Take the Elevator Test
A good gauge of a positioning statement’s usefulness is the elevator test: Can it clearly communicate your story in the 15 seconds it takes to ride the elevator with someone?
For example, our firm recently supported the cancer diagnostics company Dako with an integrated campaign for the Serum HER-2/neu Assay. Serum HER-2/neu is a biomarker test for metastatic breast cancer developed by Oncogene Science/Bayer Diagnostics. Although the test had been available for several years, adoption was slow. There were over 60 clinical papers and presentations qualifying the test’s clinical utility in monitoring disease progression and therapy response, but no one clear message about why it should be used.
After surveying oncologists, histopathologists, clinical lab managers, and Dako sales reps, we concluded that the primary reasons a clinician would want to use the test are that it is simple and direct—simple because it is the only test for the HER-2/neu biomarker that requires just a blood draw, direct because it detects serum concentrations of HER-2/neu.
We devised the following statement: “The Serum HER-2/neu Assay is a simple blood test that allows more precise management of breast cancer, because serum concentrations of HER-2/neu are validated to reflect disease progression and therapy response in women with metastatic breast cancer.”
Clinicians responded enthusiastically to these messages during market testing, stating that they gave them compelling reasons to order the test. An e-mail series targeting oncologists and histopathologists has achieved a click rate of 2.74%—well above the industry average of 1%.
A colleague recalls working with a healthcare executive of whom it was said, “If you ask him the time, he’ll tell you how to make a clock.” Occasionally when working with biotech clients, we’ve observed a tendency to employ R&D language when describing a product or its benefits. R&D jargon can be exacting and useful when explaining how and why a product works. However, it can also lead to complicated explanations. Here are some tips to avoid getting bogged down in too much detail:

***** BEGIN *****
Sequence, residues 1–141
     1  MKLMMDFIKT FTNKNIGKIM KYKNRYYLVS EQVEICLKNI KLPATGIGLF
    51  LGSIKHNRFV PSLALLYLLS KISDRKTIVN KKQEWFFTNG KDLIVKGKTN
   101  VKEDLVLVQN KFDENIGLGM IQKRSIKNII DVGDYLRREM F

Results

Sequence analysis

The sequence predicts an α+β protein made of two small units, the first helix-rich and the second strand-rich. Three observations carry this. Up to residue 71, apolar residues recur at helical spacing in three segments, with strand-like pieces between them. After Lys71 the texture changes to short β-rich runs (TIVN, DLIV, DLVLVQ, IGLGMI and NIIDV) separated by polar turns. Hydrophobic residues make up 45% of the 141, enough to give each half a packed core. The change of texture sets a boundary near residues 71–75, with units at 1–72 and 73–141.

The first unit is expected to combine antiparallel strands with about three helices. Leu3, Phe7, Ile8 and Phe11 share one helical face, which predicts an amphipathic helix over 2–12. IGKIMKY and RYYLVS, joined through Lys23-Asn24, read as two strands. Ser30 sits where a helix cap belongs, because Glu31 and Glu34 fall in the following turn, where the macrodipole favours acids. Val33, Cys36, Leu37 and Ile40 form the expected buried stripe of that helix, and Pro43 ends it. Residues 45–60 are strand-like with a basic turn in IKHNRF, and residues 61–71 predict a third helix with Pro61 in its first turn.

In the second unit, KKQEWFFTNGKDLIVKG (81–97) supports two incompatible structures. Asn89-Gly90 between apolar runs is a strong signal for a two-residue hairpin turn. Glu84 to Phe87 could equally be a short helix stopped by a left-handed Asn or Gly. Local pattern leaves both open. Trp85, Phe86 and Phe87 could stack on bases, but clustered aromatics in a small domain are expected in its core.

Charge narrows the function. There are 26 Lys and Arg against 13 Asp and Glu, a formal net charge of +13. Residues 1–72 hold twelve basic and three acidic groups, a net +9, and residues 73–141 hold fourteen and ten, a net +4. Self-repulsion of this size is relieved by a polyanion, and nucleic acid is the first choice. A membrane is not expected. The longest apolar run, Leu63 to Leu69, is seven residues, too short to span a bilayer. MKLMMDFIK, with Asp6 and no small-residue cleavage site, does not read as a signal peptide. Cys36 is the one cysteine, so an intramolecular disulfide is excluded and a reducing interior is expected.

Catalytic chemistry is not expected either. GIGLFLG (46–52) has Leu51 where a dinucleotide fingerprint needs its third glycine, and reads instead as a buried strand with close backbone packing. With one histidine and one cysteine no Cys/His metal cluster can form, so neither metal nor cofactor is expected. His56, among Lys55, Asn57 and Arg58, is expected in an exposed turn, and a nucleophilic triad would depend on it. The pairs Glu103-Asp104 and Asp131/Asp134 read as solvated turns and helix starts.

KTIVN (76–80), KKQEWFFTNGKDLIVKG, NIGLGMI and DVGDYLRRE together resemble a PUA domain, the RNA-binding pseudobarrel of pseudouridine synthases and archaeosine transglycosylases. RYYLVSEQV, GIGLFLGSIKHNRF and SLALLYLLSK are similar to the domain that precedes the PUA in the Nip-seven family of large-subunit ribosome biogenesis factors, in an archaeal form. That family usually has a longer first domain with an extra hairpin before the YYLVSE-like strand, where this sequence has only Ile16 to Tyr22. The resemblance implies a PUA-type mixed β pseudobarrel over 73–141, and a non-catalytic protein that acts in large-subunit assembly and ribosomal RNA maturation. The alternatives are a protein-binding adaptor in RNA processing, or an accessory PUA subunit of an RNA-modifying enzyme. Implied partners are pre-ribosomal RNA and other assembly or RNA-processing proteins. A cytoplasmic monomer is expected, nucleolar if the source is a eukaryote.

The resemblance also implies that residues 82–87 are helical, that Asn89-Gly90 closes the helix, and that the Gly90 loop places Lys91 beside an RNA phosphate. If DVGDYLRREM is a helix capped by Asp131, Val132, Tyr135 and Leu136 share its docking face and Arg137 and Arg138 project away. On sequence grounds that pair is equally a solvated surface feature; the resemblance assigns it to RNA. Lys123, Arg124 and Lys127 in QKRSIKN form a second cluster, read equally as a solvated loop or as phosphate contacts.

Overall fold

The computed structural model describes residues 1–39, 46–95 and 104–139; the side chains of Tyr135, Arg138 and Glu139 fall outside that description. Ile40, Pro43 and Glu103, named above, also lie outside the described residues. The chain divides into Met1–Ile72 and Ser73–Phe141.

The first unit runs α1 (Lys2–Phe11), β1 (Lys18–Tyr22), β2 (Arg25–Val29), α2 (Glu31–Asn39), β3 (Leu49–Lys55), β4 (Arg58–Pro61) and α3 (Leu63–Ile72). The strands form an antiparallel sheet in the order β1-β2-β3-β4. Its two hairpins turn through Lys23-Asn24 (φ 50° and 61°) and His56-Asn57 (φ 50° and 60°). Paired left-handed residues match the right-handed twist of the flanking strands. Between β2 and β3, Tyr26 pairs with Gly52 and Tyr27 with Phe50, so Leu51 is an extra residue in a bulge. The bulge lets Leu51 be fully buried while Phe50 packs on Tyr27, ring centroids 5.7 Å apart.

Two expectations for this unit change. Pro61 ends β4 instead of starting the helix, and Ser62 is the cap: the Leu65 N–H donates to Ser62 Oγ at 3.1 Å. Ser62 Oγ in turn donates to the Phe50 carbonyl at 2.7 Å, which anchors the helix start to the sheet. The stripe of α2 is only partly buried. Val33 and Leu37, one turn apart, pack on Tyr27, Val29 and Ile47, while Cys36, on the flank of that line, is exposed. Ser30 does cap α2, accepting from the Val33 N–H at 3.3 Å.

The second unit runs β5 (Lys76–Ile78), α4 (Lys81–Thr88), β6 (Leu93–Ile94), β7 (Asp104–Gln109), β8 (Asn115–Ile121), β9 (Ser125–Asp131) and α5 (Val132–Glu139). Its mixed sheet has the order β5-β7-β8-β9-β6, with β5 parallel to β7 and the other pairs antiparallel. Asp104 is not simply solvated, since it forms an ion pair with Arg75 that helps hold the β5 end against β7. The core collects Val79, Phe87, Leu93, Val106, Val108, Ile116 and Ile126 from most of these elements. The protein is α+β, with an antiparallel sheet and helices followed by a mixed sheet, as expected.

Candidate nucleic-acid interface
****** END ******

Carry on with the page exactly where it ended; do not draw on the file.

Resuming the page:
• Focus on the need. Remember the famous sales anecdote about the hardware company executive who said, “Our customers aren’t buying quarter-inch drill bits. They’re buying quarter-inch holes.” What is it your customers need? A biological process or the result of that process?
• Use simple language. “Use” instead of “utilize,” “with” instead of “accompanied by” and “after” instead of “subsequent to” are just some examples of ways to simplify phrasings. In general, don’t use a 75-cent word when a 25-cent word will do. Words with fewer syllables are easier to understand and remember.
• Save complex concepts for detail aids. Ads, e-mails, and other awareness-building tools should focus on topline messages. Once the customer is engaged, secondary pieces such as technical sheets can be used to provide appropriate detail about mechanism of action and the finer points of the science behind your product.
• Remember the patient. The endpoint of R&D is sometimes viewed as getting the product through clinical trials and on the market. The product’s true endpoint is better care. Let that notion serve as your compass, the “true north” that helps all other messages align.